Review: Watermark Photo
Yes, it's another in Harald Meyer's long line of photo utilities, but I couldn't resist giving this one the full review treatment. Even if you're not a self-styled journalist like me, most of us, at some point or other, have taken a photo of something special and wanted to upload it for others to enjoy, yet still make it clear to everyone where the image came from. In other words, added a watermark. It's not easy to do on the desktop, yet with this, Watermark Photo, it's now trivial to do on your phone itself. And, in most cases, upload the image to the social network or photo archive of your choice, all in the one app.
As with Harald's other recent photo utilities, Watermark Photo is implemented in Qt, but he does seem to be able to get great performance out of the runtime, not surprising since Harald was always a Symbian wizard, coding his earlier applications in native C++.
When you first load the application, a sample image (grapes) is shown for you to practise on - a great idea since the aspect ratio of most phone-shot photos in your gallery will be slightly 'wrong' to show off the resolutely portrait Watermark Photo to best effect.
'Stamp' is the obvious place to start, with the options to overlay another photo, a 'custom picture' (e.g. an 'Approved' graphic), text or, impressively, a QR code (which is generated by Watermark Photo itself). Let's try adding a text string, as would be typical if you wanted to add a site watermark to a photo for your web site*:
* As it happens, we almost never watermark images on All About Symbian. It's just too much work and there's so much else to write up and report on!
It's trivial to add text (or, impressively, date or time) and then note that the watermark is always in preview mode until you finally tap on 'Save'. In other words, never mind the initial appearance, you can keep fiddling with it until you're happy. For example, as shown below, changing the opacity and colour:
But you can go further, quite a bit further. The rightmost top button gives access to a font panel, with around a dozen possible fonts to try out. It then gets better when you discover that there's full 'multitouch' supported, so you can pinch the screen to zoom the font size in or out, or - wonder of wonders - even use two finger multitouch to rotate the text watermark directly. Very iPhone-like in its intuitiveness.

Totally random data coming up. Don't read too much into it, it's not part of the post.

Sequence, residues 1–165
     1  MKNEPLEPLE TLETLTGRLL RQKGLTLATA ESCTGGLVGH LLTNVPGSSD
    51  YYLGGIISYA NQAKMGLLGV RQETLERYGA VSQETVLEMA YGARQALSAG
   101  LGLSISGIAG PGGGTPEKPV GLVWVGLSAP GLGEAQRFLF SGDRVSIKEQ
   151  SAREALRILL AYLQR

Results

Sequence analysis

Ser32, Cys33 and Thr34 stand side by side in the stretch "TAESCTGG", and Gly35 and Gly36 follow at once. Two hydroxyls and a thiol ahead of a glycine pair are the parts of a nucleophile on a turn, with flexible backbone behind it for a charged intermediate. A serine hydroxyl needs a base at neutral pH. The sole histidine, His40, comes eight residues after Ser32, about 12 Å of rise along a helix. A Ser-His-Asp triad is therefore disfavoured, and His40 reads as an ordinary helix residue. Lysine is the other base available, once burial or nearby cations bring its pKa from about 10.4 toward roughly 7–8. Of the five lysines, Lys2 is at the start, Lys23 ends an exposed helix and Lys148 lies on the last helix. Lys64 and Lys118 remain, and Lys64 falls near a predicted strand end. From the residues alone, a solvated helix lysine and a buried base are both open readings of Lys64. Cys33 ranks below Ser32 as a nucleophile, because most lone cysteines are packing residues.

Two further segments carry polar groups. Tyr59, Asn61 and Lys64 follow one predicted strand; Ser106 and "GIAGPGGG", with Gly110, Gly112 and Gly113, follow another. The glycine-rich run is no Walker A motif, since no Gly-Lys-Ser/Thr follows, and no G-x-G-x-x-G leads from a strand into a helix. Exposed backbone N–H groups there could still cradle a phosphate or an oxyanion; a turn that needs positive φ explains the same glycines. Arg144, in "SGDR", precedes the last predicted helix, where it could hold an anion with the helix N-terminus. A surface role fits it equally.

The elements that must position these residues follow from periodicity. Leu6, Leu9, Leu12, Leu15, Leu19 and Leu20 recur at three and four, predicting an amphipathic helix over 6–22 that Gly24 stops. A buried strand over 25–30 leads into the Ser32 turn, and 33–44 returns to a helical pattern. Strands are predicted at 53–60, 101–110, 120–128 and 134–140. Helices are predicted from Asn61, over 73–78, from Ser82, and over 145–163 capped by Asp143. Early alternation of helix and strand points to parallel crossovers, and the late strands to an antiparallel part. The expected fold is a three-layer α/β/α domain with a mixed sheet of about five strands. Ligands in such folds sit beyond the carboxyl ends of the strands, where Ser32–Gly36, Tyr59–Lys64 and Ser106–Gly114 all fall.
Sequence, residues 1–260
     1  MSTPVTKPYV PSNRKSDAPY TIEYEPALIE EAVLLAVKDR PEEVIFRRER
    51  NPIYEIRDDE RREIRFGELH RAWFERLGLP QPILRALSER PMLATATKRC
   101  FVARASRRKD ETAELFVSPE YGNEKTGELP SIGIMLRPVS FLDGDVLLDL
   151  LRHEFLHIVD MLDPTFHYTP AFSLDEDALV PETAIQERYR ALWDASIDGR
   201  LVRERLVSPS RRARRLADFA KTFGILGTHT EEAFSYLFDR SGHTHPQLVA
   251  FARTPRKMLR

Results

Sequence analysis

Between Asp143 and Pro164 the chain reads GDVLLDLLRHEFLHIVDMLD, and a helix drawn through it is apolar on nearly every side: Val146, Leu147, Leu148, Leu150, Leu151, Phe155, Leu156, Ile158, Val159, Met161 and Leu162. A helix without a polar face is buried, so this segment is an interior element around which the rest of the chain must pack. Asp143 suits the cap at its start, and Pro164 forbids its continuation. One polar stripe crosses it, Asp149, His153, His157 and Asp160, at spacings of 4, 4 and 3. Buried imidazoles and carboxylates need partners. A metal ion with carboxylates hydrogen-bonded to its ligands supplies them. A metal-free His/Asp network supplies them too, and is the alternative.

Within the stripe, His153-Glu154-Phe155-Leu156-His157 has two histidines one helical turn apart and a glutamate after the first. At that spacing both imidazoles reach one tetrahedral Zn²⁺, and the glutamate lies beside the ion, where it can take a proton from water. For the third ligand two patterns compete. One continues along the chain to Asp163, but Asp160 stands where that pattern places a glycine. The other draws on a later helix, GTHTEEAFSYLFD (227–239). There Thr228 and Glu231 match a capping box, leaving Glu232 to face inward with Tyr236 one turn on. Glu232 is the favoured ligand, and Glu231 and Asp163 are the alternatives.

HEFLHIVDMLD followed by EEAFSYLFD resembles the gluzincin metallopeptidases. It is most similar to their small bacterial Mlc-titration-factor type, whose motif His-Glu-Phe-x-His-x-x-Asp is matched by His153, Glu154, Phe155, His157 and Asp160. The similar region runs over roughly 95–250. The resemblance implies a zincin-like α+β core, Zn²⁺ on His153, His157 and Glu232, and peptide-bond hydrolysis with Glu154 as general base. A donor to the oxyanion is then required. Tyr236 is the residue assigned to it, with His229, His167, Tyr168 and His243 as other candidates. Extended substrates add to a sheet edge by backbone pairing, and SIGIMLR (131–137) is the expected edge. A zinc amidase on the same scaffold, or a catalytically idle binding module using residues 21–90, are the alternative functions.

Opting to add a QR code prompts you for the text string or URL required and then generates it instantly, extremely handy, with the same resizing and rotating flexibility as for text, above. You can therefore snap a photo of a business or event, immediately add a QR code of appropriate dimensions and then share it out to the world, perhaps to publicise something, making sure that anyone who sees the photo can also get to the source/relevant URL too.
The 'Picture' option brings up 'stamps' (somewhat confusingly, given the name of the button that starts this process off), of which there are just over a dozen, along the lines of the graphics shown above. Here's me approving the grapes(!) and, yes, you can again resize and rotate using multitouch.
When the time comes to share your watermarked photo, tap on 'Save' (which takes from a second or so for small photos and up to six for full resolution [e.g. 8MP] images) and then you'll see a share icon appear in the toolbar. Tapping this gives the options above. Having the big four supported is another feather in Watermark Photo's cap, although there is (of course) an authentication step via each service's web site when you use it for the first time:
Once authorised, you can create an accompanying comment as needed and then tap 'Continue' to see the photo uploaded and tagged.
It's tempting to dismiss Watermark Photo as a one-trick pony, but that would be doing it an injustice. The 'trick' it pulls off is insanely flexible and proficient and Harald is to be congratulated. Apart from not working in landscape mode and a few textual misnamings, there's little else here that could be improved on.
A decent buy at £1.50 in the Nokia Store.
Reviewed by Steve Litchfield at